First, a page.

• ILS Category II (Special authorization required). An ILS approach procedure which provides for an approach to a decision height lower than 200 feet (60m) but not lower than 100 feet (30m) and a runway visual range not less than 1200 feet (350m).

 

  • ILS Category III (Special authorization required).

 

  • IIIA An ILS approach procedure which provides for approach with either a decision height lower than 100 feet (30m) or with no decision height and with a runway visual range of not less than 700 feet (200m).

 

  • IIIB An ILS approach procedure which provides for approach with either a decision height lower than 50 feet (15m) or with no decision height and with a runway visual range of less than 700 feet (200m) but not less than 150 feet (50m).

 

  • IIIC An ILS approach procedure which provides for approach with no decision height and no runway visual range limitations.
Terms and Definitions for RTR

ILS

 

 

 

 

 

 

 

 

 

 

 

 

 

  1. Initial Approach. That part of an instrument approach procedure in which the ac has departed an initial approach fix or point and is manoeuvring to enter the intermediate or final approach. It ends at the intermediate fix or, where no intermediate segment is established, at the final approach fix or point.

 

  1. Instrument Approach Procedure (IAP). A series of predetermined manoeuvres by reference to flight instrument with specified protection from obstacles from the initial approach fix, or where applicable, from the beginning of a defined arrival to a point from which a landing can be completed and thereafter, if a landing is not completed, to a position at which holding or en route obstacle clearance criteria apply (ICAO).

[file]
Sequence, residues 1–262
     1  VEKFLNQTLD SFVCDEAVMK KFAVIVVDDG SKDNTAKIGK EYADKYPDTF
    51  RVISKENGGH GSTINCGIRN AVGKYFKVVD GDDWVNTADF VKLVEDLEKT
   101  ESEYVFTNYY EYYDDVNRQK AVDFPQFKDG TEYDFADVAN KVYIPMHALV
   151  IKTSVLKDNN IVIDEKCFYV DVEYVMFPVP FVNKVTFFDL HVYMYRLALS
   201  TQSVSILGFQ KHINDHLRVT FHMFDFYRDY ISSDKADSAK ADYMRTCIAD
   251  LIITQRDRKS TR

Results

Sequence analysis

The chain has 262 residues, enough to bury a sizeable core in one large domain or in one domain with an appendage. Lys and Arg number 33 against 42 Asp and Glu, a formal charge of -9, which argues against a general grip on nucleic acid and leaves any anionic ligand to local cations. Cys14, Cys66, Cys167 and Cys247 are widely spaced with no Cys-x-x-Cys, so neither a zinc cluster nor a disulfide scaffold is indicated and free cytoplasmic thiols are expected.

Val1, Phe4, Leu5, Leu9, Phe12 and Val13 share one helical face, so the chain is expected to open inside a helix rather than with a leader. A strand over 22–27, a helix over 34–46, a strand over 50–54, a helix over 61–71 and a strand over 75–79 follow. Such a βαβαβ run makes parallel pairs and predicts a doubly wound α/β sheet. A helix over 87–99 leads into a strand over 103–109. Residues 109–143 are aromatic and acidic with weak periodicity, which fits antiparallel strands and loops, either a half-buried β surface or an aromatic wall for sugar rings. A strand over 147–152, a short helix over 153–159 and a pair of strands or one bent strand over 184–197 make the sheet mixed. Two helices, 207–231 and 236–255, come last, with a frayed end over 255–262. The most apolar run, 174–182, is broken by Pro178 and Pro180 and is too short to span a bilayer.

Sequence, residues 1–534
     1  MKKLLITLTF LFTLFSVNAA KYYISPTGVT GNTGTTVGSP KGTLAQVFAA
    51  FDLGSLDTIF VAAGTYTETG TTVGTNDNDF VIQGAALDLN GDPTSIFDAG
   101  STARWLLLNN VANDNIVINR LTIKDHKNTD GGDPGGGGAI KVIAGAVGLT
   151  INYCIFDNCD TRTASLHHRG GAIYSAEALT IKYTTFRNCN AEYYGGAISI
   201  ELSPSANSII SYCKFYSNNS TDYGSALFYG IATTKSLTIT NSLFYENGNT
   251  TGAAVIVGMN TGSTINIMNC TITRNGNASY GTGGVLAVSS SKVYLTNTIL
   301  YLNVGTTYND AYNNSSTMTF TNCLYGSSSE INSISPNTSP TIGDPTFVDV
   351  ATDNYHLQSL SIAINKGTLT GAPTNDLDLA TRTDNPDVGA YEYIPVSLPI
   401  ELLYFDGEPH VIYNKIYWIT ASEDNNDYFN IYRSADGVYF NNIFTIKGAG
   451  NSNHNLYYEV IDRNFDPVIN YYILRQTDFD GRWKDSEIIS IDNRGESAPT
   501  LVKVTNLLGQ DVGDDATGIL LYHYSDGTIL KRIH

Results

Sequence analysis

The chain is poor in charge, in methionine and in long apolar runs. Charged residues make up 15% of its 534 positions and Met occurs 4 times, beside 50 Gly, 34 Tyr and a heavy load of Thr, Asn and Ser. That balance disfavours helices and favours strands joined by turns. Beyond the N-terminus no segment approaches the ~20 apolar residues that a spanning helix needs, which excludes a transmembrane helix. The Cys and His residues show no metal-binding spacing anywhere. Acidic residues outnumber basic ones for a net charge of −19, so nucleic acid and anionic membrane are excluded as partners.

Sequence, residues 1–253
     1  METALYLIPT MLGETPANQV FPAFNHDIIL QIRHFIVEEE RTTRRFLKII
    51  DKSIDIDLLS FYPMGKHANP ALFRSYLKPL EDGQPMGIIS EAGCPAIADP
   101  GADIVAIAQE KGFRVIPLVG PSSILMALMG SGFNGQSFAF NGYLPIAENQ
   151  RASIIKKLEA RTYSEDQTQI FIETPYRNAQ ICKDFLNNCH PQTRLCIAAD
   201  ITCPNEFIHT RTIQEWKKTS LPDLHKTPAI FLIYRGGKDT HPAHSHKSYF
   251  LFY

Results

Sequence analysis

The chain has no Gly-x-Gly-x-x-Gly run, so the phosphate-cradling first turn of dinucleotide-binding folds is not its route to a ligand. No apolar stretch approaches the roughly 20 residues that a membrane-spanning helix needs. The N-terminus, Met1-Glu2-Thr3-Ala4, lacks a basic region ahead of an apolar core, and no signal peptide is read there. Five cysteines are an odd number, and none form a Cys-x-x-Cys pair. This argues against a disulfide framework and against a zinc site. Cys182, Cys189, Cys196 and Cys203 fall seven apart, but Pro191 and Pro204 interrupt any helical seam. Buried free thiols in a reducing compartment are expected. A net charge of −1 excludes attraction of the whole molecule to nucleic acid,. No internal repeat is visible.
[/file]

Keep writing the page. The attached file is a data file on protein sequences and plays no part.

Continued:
1. Intermediate Approach. That part of an instrument approach procedure in which ac configuration, speed and positioning adjustments are made. It blends the initials approach segment into the final approach segment. It begins at the intermediate fix or point and ends at the final fix or point.

 

  1. Landing Distance Available (LDA). The length of runway which is declared available and suitable for the ground runs of a landing aircraft. The landing distance available commences at the threshold and in most cases corresponds to the physical length of the runway pavement.
  2. Load Classification Group (LCG). The bearing strength of a pavement is calculated from the total thickness of the pavement construction and the bearing capacity of the sub grade and is allocated a Load Classification Group Number (LCG) which embraces a range of LCN values. The bands selected are those which group together ac which impose similar levels of stress on the payment.
    1. Load Classification Number (LCN). The bearing strength of a pavement or runway is defined by a number. This is associated with an indication of the characteristics and type of construction of the pavement; the Indication is given by an ‘I’ value (the radius of relative stiffness) for a rigid pavement, or by an ‘h’ (the thickness for flexible pavements). For those aerodromes for which information is available, and appropriate ‘I’ or ‘h’ values (in cm or inches) for each runway are published in the aerodrome directory of the En Route Supplement. The LCN has been reclassified as the PCN.

     

    1. Master Diversion Aerodrome. An Aerodrome with continuous provision of diversion and emergency facilities.

     

    1. Minimum Descent height (MDH). The lowest height to which an ac may descend while using an airfield approach aid (as different from a runway approach aid) until the required visual references have been established and the ac is in a suitable position to continue with a visual approach.

     

    1. Minimum Flight Level. In order to ensure safe vertical separation between ac flying at the transition altitude and those flying above, the minimum flight level is to be 500 ft above the transition level.

     

    1. Minimum Sector Altitude. The lowest altitude which may be used under emergency conditions which will provide a minimum clearance of 300 metres (1000 ft) above all obstacles located in an area contained within a sector of a circle of 25 nautical miles radius centred on a radio aid to navigation.